RIP Gord Downie

Gord Downie passed away today, which, while not unexpected, is still incredibly sad and heartbreaking. The Tragically Hip are very much Canada’s band and Gord Downie very much emblematic of Canadian music, and, heck, of Canada itself.

Two weeks ago we went to see the documentary Long Time Running, about the Tragically Hip’s last tour. It’s a lovely doc and you should see it. It was the same day Tom Petty died so, you know, pretty emotional day, musically. I can’t imagine how emotional it’d be to watch it now.

Last summer in advance of the last show of that tour, I shared a few Tragically Hip memories on Facebook; I’m gonna share them again here. Copying content is a content marketing sin, but, there’s a decent chance I’ll deactivate that Facebook account in the near future, so I’d rather house that content here.

Here’s what I had to say on August 20, 2016:

  1. In my 12th grade media arts class, we studied the video for “Locked in the Trunk of my Car”. Something to do with visual metaphor on film or something, I don’t remember… we also studied the Beastie Boys’ “Sabotage” in that same class, so, you know… It was pretty great.
  2. Every time I hear “Ahead by a Century,” I’m immediately transported back to summer 1996 – the summer after I graduated high school. It instantly evokes memories of pool parties, games of Hearts, long goodbyes, my first serious relationship (hey Sheila). And I think “no dress rehearsal, this is our life” was a scary line to think about before heading to college.
  3. Circa 1999, my college buddy Grant posted an ad looking for a roommate. It said, “Looking for a place to happen? Making stops along the way?” (Eventually I became one of those roommates).
  4. In 2001, at the bar we (me, Grant and roommate #2, Joe) frequented, there was a cover band that often played on Friday nights. And often, Bull, the bartender, would get behind the mic for “New Orleans is Sinking” – and riff for ages in the middle of it, on God knows what. The drunker you were, the more entertaining it was… Which was probably the point.
  5. In 2008 the Hip headlined a festival in Belleville, ON. The tickets were my ex’s birthday present – she was the bigger fan than I – but I was excited to finally see them in concert and discover for myself if everyone who ever said, “yeah, the Hip are great but they’re even better live!” was on the mark. They were. Given what’s now happened I’m more glad than ever that I got to see that show.

That same day on Twitter, #7favehipsongs was trending. Here’s what I had to say about that:

  1. Scared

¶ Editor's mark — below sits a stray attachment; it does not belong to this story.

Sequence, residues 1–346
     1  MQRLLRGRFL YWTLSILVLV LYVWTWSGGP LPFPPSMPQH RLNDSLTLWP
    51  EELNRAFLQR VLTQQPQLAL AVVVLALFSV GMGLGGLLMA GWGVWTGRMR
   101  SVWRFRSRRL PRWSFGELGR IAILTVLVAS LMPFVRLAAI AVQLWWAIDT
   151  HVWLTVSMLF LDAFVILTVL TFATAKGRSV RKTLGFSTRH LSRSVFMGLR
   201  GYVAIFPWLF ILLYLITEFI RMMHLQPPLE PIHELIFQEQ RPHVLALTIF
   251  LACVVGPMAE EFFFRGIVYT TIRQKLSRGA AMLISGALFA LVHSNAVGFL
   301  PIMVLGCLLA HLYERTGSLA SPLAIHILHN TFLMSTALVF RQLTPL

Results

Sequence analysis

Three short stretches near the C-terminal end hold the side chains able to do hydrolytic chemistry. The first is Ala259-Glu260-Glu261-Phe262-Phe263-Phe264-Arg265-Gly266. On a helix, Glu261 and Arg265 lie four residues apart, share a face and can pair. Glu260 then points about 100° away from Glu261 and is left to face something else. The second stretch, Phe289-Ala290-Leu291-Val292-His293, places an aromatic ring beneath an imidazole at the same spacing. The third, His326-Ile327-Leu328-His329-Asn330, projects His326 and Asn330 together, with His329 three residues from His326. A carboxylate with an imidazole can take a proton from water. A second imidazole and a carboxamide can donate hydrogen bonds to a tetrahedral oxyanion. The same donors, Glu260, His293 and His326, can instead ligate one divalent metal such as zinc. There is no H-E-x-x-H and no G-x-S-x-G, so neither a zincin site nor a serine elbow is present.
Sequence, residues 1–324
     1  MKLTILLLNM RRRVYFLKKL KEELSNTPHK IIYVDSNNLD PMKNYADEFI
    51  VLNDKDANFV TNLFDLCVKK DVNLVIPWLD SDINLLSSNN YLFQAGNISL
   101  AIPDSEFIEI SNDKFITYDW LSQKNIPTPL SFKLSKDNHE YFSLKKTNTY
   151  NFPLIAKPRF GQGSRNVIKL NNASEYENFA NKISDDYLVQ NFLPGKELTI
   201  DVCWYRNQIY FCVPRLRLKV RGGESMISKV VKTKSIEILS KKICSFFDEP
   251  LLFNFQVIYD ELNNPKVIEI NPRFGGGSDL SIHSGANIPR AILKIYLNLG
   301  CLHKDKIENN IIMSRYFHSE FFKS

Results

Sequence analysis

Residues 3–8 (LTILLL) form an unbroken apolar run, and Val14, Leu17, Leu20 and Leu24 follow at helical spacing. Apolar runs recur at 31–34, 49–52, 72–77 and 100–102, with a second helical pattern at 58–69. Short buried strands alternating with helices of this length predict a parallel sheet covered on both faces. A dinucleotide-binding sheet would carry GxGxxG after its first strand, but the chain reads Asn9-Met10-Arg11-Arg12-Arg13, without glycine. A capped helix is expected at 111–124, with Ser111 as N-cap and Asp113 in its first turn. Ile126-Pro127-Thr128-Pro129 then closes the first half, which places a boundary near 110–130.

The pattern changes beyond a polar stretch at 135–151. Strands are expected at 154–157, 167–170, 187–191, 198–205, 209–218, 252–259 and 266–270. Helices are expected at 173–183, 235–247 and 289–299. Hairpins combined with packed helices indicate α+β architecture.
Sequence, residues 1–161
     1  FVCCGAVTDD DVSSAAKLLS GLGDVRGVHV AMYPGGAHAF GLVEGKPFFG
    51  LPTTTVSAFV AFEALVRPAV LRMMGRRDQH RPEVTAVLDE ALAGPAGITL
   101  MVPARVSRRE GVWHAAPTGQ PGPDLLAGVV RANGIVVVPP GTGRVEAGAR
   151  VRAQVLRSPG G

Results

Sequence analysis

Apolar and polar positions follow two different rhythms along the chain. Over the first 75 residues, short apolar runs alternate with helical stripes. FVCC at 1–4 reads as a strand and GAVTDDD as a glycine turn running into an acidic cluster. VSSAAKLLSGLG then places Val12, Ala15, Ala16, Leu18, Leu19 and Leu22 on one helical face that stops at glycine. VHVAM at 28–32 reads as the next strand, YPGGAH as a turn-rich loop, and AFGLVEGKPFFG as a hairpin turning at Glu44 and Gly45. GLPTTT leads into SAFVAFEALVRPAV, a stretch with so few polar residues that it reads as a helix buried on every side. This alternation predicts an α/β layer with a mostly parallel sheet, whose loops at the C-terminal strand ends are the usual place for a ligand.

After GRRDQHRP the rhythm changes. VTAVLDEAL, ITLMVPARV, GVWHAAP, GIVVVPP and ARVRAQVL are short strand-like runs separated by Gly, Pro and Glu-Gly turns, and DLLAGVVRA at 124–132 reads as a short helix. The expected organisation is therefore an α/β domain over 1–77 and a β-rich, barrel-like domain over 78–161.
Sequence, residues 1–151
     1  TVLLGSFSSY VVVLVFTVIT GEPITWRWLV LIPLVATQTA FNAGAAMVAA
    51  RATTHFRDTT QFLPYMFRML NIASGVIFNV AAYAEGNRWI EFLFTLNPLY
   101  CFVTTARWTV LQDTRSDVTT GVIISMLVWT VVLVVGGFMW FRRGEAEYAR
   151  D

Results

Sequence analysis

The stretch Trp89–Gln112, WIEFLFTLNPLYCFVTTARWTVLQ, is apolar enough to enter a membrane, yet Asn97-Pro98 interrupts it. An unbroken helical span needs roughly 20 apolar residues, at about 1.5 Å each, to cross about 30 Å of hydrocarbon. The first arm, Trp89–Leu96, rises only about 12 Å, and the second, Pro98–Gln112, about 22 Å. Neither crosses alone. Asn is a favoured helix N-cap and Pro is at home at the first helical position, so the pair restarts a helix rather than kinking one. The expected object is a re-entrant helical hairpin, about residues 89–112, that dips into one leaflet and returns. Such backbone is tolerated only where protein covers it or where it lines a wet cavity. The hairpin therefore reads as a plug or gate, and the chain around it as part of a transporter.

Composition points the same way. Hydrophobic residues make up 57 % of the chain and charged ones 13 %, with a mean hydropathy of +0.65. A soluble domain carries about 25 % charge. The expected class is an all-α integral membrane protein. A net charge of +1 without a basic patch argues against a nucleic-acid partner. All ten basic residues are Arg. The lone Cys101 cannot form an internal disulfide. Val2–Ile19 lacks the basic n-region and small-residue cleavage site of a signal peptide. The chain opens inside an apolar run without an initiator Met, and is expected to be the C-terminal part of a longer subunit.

2. World Container
  3. Wheat Kings
  4. Bobcaygeon
  5. Ahead by a Century
  6. Fiddlers Green
  7. 38 Years Old

Having given it more thought—and honestly, having listened to a lot more Hip in the year since—I’d probably move “Fiddlers Green” or “38 Years Old” out for “Escape is at Hand for the Traveling Man” or “Last of the Unplucked Gems”. But who knows.

Anyway. That’s what I have to say about the Hip. I recommend Long Time Running, it’s a really nice film that captures a nice moment in time when the country came to celebrate a great band and a great Canadian.

Now get out there and listen to some Hip, man.

Into the Great Wide Open

Tom Petty died this week, so just a few personal thoughts:

  1. Shortly after the movie version of High Fidelity came out, I started dating someone, and one of our earliest conversations turned to top five records. I put Tom Petty and the Heartbreakers, Greatest Hits on my list. Being young and dumb I didn’t think about the fact that there’s a more that goes into a record than just putting a bunch of popular songs on it that span an artist’s or band’s career, which is all a greatest hits record is; I wouldn’t put a greatest hits record on that list today. And yet… tell me that this isn’t, simply, a great fucking album:
    1. American Girl
    2. Breakdown
    3. Listen to Her Heart
    4. I Need to Know
    5. Refugee
    6. Don’t Do Me Like That
    7. Even the Losers
    8. Here Comes My Girl
    9. The Waiting
    10. You Got Lucky
    11. Don’t Come Around Here No More
    12. I Won’t Back Down
    13. Runnin’ Down a Dream
    14. Free Fallin’
    15. Learning to Fly
    16. Into the Great Wide Open
    17. Mary Jane’s Last Dance
    18. Something in the Air

There’s not one skippable song on there, and the order is perfect. Most greatest hits records have one or two songs on them that the band likes but no one else does, and most you can just throw on shuffle and enjoy… this one is just perfect as-is.

  1. This is a great driving album, with “Runnin’ Down a Dream” being the highlight. I remember my friend Grant and I singing along to this on the way up north to his parents’ trailer circa 2001.
  2. I know it’s easy to goof on Tom Cruise, and it’s actually pretty easy to goof on Cameron Crowe now too, but Cruise singing “Free Fallin’” in Jerry Maguire is a pretty perfect match of music and movie.
  3. Speaking of Free Fallin’ (and guys that it’s easy to goof on), John Mayer’s cover of “Free Fallin'” from his Live in L.A. record is pretty superb.

Anyway, those are my thoughts. RIP Tom Petty.